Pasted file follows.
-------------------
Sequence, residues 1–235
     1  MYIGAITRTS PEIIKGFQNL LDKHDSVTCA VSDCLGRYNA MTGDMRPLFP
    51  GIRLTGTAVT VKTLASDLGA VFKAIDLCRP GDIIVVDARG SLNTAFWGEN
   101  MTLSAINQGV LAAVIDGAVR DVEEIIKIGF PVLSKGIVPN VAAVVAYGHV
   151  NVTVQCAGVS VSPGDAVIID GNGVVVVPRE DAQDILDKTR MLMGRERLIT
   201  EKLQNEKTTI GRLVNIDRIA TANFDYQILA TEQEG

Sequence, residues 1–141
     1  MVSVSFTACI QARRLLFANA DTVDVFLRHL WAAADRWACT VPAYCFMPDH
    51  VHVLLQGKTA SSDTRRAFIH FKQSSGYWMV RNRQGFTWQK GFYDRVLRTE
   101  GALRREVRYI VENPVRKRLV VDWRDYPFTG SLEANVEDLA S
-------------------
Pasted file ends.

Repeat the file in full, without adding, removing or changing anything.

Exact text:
Sequence, residues 1–235
     1  MYIGAITRTS PEIIKGFQNL LDKHDSVTCA VSDCLGRYNA MTGDMRPLFP
    51  GIRLTGTAVT VKTLASDLGA VFKAIDLCRP GDIIVVDARG SLNTAFWGEN
   101  MTLSAINQGV LAAVIDGAVR DVEEIIKIGF PVLSKGIVPN VAAVVAYGHV
   151  NVTVQCAGVS VSPGDAVIID GNGVVVVPRE DAQDILDKTR MLMGRERLIT
   201  EKLQNEKTTI GRLVNIDRIA TANFDYQILA TEQEG

Sequence, residues 1–141
     1  MVSVSFTACI QARRLLFANA DTVDVFLRHL WAAADRWACT VPAYCFMPDH
    51  VHVLLQGKTA SSDTRRAFIH FKQSSGYWMV RNRQGFTWQK GFYDRVLRTE
   101  GALRREVRYI VENPVRKRLV VDWRDYPFTG SLEANVEDLA S